In July 1970 Ray and I moved into a nice little terraced house in Chiswick. I learnt to drive and got myself a job which I really enjoyed. I was happy in my new role of young wife and normal citizen when, a month or so later, I had a call from Angie.
‘I’m at the Londonderry Hotel,’ she said, her voice sounding panicky, ‘with Jimi.’
‘Jimi’s in London?’ I was surprised, no longer having any idea of his movements, as we hadn’t spoken to each other for six months.
‘He’s here to do the Isle of Wight Festival. He’s gone mad, Kathy, we need your help. He’s thrown us out of the bedroom and he won’t let us back in, and all our clothes are in there. He’s shouting at us to get out but we’re trapped in the suite. We were all getting on fine and then he just turned on us. You’re the only person we can think of who can deal with him when he’s like this.’
I took a taxi to Park Lane and went up to the suite. Angie and another girl, wrapped in blankets, were waiting in the wrecked sitting room. Broken lamps, smashed glasses and upturned tables bore witness to the rage that Jimi must have been in. I went through to the bedroom. The first thing that hit me was the heat. It was a blazing hot day outside but all the windows were shut and a blow heater was going full blast, making the air feel dry and uncomfortable. Jimi was lying in bed under a pile of blankets, shivering uncontrollably. There was an empty bottle of Jack Daniel’s and some glasses on the bedside table.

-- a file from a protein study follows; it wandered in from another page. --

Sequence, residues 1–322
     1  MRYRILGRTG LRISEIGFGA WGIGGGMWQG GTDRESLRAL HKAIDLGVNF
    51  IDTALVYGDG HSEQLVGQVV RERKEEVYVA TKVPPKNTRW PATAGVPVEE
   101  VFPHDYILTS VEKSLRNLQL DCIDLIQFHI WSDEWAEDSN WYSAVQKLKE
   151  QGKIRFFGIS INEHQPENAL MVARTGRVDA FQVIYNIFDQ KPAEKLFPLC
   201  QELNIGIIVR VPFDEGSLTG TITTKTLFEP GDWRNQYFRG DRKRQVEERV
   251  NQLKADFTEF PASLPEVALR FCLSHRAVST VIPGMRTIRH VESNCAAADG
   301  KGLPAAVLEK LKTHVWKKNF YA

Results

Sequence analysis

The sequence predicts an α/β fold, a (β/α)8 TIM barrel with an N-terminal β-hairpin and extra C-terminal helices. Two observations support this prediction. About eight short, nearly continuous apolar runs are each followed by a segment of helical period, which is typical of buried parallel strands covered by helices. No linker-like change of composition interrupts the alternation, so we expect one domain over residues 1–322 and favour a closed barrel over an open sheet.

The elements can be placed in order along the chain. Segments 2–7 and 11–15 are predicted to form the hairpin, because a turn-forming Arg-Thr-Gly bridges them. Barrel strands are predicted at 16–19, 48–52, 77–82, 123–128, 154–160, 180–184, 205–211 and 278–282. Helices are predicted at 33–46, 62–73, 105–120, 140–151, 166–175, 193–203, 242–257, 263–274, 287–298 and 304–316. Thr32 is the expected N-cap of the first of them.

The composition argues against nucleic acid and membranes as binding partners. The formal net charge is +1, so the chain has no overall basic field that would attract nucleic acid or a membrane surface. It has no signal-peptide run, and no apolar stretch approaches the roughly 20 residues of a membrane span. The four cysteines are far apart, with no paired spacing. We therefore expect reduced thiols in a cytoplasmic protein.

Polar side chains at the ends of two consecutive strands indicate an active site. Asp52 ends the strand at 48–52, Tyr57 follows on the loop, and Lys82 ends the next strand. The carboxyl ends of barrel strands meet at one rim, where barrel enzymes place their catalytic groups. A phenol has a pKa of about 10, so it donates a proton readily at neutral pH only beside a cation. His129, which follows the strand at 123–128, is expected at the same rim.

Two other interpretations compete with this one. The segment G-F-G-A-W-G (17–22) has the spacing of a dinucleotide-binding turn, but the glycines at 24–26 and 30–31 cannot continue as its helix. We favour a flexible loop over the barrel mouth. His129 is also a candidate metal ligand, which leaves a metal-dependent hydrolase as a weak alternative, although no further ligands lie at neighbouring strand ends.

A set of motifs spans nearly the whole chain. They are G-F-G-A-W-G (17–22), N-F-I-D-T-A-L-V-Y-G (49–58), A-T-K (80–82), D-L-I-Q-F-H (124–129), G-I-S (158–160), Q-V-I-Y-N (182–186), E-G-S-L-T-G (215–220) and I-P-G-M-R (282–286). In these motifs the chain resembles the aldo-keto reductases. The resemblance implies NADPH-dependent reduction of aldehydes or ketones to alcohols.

‘What’s happening, Jimi?’ I asked.
‘What’s happening, Kathy?’ He sounded as casual as if I had just come back from popping out to the shops.
‘Angie and that girl need their clothes, man,’ I said. ‘They’re scared to come in here.’
‘Give them the clothes, get rid of them.’ he said.
I scooped up their clothes and took them out to the sitting room. The girls dressed hurriedly. Watching them, I felt so glad to be a married woman. I felt detached. Once they had gone I went back into the bedroom to see if I could do anything to help Jimi. I sat on the edge of the bed and put a cool flannel on his forehead to try to bring his temperature down. He seemed to be dangerously feverish and kept sniffing and complaining that he had a cold. He was thin and grey and looked really ill. I assumed he had a bad dose of flu. In retrospect it is obvious that he was suffering some kind of withdrawal symptoms, although I’m not quite sure what from. I made him as comfortable as I could and, once he was sleeping, I went back home, feeling a great sense of relief that I was no longer a part of this scene, pleased to help but even more pleased to walk away. The distressed superstar in the hotel suite was not the Jimi I had met and fallen in love with four years before. All the sweetness and gentleness had disappeared: the drugs and the stress had changed him beyond recognition.
A couple of weeks later I was browsing around the hippy stalls in the dark, aromatic bowels of Kensington Market, when Jimi came up from behind and squeezed me. He looked fine.
‘I’m staying at the Cumberland Hotel,’ he told me. ‘Why don’t you drop by later to say hi?’
‘OK,’ I replied, ‘I might do that.’ But I knew I wouldn’t. For years after his death I felt guilty thinking that if I had gone to the Cumberland Hotel that night everything might have turned out differently. But I know now that he wouldn’t have been there anyway.